The moon is not as dry as it appears to be. Liquid water travels across the surface of the natural satellite, say scientists, released from the lunar soil by rising temperatures and moving between cold spots until things cool down.
While liquid water will not last for long on the surface of the moon, it may persist in the soil in a different form. Researchers theorize that water takes the form of hydrates and hydroxides.
Hydrates are substances that contain water, oxygen, or hydrogen. Hydroxides are minor constituents of water. These substances attach themselves to lunar minerals.
During the daytime period on the moon, the sun bathes the lunar regolith with solar radiation. The light increases the temperature of the soil.
By the time of the lunar equivalent of noon, the regolith gets warm enough to release adsorbed water from its minerals. The water rises from the soil and takes one of two routes across the surface of the moon.
It can “migrate” towards the nearest area with colder temperatures — such as lunar craters with permanent shadows that are theorized to hold frozen water — or the free water may soar into the thin lunar atmosphere before returning to the regolith and getting reabsorbed. (Related: Solar winds deposit ingredients for water on the moon.)
NASA’s Lunar Reconnaissance Orbiter (LRO) confirmed the movement of water on the surface of the moon. It spotted the process with the Lyman Alpha Mapping Project (LAMP), an ultraviolet-based imaging spectrograph developed and operated by the Southwestern Research Institute (SwRI).
Its discoverers believed it might be possible to take advantage of this natural cycle during manned missions to the moon. Astronauts may deploy devices that will capture the water as it “bounces” across the surface of the moon.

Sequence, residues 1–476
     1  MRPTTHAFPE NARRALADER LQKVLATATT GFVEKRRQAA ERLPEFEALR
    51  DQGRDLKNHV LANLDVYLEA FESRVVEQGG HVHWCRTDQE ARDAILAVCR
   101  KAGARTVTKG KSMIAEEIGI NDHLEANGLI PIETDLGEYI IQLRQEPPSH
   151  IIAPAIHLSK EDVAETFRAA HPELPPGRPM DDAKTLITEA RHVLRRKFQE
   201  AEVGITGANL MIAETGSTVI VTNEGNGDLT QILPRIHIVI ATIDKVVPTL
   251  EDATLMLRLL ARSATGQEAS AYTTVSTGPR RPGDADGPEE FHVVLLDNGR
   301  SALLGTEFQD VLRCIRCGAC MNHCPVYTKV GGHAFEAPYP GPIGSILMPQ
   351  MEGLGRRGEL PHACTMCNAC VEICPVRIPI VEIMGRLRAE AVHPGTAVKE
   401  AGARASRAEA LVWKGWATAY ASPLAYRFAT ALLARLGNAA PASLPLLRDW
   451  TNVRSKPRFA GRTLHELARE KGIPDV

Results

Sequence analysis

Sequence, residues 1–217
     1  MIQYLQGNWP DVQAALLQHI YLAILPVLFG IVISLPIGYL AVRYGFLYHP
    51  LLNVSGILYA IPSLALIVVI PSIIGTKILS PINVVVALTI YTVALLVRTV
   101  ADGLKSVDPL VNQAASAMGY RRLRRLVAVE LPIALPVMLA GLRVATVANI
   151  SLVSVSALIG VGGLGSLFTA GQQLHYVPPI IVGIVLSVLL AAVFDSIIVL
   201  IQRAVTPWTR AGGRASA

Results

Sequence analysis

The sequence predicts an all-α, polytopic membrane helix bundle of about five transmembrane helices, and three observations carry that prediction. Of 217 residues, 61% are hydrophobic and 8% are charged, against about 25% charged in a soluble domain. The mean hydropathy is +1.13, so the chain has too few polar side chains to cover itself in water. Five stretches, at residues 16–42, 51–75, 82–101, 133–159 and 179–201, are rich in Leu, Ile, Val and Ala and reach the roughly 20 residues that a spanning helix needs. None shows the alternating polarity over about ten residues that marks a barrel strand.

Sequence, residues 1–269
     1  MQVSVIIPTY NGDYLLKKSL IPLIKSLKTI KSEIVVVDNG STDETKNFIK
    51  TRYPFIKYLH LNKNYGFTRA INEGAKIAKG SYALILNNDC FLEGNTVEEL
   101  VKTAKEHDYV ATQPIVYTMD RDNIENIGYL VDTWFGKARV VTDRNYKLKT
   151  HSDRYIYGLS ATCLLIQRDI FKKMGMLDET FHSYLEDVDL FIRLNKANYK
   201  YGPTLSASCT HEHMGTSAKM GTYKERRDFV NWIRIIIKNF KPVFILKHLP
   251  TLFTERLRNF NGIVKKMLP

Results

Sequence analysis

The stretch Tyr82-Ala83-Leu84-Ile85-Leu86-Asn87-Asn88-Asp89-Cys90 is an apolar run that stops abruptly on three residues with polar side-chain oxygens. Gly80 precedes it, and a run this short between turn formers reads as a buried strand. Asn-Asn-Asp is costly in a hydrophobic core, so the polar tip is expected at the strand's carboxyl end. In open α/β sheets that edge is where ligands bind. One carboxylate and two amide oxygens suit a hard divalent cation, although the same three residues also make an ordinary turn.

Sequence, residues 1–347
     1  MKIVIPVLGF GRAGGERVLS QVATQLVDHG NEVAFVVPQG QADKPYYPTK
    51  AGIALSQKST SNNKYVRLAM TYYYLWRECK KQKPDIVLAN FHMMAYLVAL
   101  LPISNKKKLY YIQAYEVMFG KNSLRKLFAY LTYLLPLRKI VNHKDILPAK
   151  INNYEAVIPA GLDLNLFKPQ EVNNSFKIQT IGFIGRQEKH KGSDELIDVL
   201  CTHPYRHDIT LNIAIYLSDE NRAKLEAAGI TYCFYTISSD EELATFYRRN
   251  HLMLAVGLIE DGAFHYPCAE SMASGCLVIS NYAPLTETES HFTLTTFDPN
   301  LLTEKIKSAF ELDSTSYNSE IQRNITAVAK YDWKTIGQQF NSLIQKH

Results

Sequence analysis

The captured liquid may either get purified for drinking purposes, be used as protective screening against dangerous cosmic radiation, or to maintain comfortable temperatures. The end result is that astronauts may enjoy a reliable supply of water during long stays on the moon. They will be less reliant on supplies from Earth that cost a lot to load and launch aboard a rocket.
“This is an important new result about lunar water, a hot topic as our nation’s space program returns to a focus on lunar exploration,” explained SwRI researcher Dr. Kurt Retherford, the lead investigator who ran the LAMP spectrograph. “We recently converted the LAMP’s light collection mode to measure reflected signals on the lunar dayside with more precision, allowing us to track more accurately where the water is and how much is present.”
The reflective property of the moon’s surface makes it difficult for orbiting spacecraft to study lunar hydration. Light doesn’t just bounce off the regolith like a mirror, it goes through a complicated process that produces beautiful moonlight and confusion for light-based sensors.
When lunar orbiters first spotted the reflections of migrating lunar water, researchers initially dismissed the readings as faults in their technology. They knew about the problems of scanning the reflective surface of the moon with spectrographs that measured light.
By taking images in the far-ultraviolet range, the LAMP spectrograph confirmed that the reflections of the migrating lunar water were genuine. There might even be enough hydration to support long-term missions to the moon.
“Previous research reported quantities of hopping water molecules that were too large to explain with known physical processes,” explained SwRI researcher Dr. Michael Poston. “I’m excited about these latest results because the amount of water interpreted here is consistent with what lab measurements indicate is possible.”
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